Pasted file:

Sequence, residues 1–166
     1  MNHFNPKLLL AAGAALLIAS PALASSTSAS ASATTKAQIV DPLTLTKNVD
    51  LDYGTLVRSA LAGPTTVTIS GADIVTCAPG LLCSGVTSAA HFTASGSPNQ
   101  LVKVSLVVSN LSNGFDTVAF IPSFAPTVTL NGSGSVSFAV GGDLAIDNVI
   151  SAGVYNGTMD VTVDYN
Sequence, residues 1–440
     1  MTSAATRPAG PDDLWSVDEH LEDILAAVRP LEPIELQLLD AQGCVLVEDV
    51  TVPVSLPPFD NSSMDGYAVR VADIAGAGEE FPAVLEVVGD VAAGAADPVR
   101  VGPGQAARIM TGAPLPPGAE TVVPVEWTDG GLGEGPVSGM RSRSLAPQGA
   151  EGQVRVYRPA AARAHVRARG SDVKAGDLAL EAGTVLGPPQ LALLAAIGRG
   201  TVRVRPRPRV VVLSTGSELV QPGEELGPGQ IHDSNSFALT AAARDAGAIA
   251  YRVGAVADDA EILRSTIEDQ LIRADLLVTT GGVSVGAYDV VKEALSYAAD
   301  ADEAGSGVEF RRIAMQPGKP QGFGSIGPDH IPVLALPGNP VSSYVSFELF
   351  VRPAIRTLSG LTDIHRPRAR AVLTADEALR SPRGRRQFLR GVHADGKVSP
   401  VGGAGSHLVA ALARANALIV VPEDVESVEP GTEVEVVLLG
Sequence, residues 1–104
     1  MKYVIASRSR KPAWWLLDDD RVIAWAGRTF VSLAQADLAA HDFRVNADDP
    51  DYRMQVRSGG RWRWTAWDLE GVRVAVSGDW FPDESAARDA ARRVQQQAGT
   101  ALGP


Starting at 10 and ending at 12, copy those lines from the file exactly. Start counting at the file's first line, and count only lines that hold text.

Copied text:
   151  EGQVRVYRPA AARAHVRARG SDVKAGDLAL EAGTVLGPPQ LALLAAIGRG
   201  TVRVRPRPRV VVLSTGSELV QPGEELGPGQ IHDSNSFALT AAARDAGAIA
   251  YRVGAVADDA EILRSTIEDQ LIRADLLVTT GGVSVGAYDV VKEALSYAAD